A novel microfluidic breast cancer model to study the relation between the Notch pathway and mechanotransduction in metastasis


A novel microfluidic breast cancer model to study the relation between the Notch pathway and mechanotransduction in metastasis

The majority of breast cancer related deaths are not caused by the primary tumor, but by metastases to other tissues. However, due to our limited understanding of this process, preventing or curing metastases remains a major challenge. In this project, the main goal is to further increase our understanding by investigating the poorly understood link between tissue mechanics and cancer metastasis. More specifically, we aim to study the involvement of the Notch signaling pathway in the onset of breast cancer cell invasion.

A major challenge is that conventional (2D) cancer models are lacking the relevant physical cues provided by a three-dimensional matrix: “Normal” tumor tissue properties, such as the stiffness and fibrous structure are absent. Additionally, the heterogeneous distribution of these properties throughout a tumor are not incorporated: During the onset of invasion, cancer cells encounter both the soft, laminin-rich basal membrane and the stiffer, more collagenous stromal extracellular matrix (ECM).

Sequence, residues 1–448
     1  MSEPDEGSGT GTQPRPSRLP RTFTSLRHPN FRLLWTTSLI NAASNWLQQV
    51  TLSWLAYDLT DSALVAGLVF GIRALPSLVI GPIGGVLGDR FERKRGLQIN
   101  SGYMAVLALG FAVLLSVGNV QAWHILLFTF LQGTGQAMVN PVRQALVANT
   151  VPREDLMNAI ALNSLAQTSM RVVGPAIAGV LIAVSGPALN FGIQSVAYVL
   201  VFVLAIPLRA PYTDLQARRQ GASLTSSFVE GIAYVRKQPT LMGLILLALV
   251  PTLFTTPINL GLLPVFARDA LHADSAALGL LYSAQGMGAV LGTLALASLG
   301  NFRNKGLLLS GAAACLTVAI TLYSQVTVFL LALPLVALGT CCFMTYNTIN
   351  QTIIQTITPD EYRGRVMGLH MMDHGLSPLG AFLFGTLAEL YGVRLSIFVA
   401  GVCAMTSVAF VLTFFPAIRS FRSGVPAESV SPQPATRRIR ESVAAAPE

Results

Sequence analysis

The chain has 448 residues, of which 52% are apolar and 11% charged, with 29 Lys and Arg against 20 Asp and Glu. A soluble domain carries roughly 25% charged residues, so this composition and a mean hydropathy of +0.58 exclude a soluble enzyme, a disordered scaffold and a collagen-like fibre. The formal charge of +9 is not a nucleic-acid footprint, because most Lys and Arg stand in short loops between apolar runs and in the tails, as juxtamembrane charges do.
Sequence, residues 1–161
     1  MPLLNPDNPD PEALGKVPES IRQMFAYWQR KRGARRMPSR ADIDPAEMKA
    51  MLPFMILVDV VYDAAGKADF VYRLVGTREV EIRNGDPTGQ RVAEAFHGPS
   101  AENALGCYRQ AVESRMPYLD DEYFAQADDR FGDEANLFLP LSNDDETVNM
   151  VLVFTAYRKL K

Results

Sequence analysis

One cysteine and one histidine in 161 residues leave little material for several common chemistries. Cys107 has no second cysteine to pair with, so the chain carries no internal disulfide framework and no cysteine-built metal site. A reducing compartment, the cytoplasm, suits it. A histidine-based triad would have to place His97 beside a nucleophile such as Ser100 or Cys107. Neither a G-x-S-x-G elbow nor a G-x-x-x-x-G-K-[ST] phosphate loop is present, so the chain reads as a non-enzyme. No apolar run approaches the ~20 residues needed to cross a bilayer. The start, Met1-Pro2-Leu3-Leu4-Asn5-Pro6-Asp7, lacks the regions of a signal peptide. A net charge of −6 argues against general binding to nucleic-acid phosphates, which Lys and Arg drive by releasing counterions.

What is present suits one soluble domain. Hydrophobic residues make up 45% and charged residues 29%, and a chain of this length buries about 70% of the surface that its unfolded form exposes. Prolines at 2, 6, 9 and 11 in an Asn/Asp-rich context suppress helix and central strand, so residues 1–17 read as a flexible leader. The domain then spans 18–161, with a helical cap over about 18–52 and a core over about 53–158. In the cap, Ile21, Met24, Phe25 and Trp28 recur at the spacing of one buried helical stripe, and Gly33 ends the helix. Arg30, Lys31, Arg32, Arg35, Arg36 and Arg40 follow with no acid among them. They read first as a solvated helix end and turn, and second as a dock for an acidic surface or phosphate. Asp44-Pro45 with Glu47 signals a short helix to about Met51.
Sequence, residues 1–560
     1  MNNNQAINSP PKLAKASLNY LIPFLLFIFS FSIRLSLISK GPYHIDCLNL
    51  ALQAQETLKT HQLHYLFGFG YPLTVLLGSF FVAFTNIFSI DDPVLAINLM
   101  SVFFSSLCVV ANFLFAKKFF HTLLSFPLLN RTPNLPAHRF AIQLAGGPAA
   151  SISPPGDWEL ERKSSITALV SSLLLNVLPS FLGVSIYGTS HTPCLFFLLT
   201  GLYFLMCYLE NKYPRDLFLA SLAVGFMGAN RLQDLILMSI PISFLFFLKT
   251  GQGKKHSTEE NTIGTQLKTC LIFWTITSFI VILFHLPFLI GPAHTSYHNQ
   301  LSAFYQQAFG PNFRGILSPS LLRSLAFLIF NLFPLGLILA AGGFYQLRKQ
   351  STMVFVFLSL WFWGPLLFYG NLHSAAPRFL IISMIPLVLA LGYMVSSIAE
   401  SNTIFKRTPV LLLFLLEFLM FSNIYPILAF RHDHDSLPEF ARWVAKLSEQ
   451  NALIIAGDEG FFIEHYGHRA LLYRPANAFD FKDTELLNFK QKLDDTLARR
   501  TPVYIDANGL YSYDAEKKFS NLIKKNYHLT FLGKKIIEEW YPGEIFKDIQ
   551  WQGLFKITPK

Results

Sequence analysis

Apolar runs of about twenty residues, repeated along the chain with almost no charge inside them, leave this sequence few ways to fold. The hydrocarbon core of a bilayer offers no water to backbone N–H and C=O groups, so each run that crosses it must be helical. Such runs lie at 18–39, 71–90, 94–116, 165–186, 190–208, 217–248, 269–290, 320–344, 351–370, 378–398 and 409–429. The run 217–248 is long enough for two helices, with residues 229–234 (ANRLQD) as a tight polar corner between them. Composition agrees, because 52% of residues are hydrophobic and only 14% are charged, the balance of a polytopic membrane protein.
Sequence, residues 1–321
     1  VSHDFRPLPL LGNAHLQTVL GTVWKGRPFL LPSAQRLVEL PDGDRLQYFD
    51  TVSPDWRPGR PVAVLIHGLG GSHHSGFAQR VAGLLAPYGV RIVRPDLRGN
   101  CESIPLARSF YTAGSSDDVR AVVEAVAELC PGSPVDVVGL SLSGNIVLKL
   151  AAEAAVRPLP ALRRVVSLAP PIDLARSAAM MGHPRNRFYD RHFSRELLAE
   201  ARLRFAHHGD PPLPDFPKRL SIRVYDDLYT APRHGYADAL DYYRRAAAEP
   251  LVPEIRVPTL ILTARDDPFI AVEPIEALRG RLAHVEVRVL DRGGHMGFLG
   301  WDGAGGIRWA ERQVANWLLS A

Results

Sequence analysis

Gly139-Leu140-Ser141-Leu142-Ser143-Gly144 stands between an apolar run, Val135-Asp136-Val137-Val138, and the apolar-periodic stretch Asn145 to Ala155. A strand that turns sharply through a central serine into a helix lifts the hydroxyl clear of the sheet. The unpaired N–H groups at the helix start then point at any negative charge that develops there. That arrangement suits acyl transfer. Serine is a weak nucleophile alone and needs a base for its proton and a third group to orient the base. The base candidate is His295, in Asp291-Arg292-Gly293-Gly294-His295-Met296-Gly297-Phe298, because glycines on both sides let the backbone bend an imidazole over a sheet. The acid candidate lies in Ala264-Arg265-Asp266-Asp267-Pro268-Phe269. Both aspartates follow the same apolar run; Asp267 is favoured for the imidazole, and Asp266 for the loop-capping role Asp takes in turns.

In order to overcome these challenges, we aim to develop a novel breast cancer model that incorporates the relevant properties of the three-dimensional microenvironment. For this purpose, we use microfluidic technology, which enables us to manipulate and control fluids at the small scale. Cell encapsulation is used to first generate soft, cell-containing beads that mimic the basement membrane. These beads are then embedded in a more fibrous matrix that mimics the stromal ECM, completing the tissue model.

The physical properties and tissue dimensions can be controlled by varying the process conditions and composition, for which the microfluidic approach is well suited. An additional advantage is that many different conditions can be screened using only small volumes of reagents. However, the most important property of the model is that parameters of the physical environment can be varied individually, enabling systematic investigation of their influence on cancer cell invasion.

The project is a collaboration between prof. dr. Cecilia Sahlgren, part time assistent professor in the STEM group, and prof. dr. ir. Jaap den Toonder of the Microsystems group, in the context of the StressFate project that is funded by the European Commission.


Researchers: J.J.F. (Jelle) Sleeboom.
Supervisors: C.M. (Cecilia) Sahlgren, J.M.J. (Jaap) den Toonder.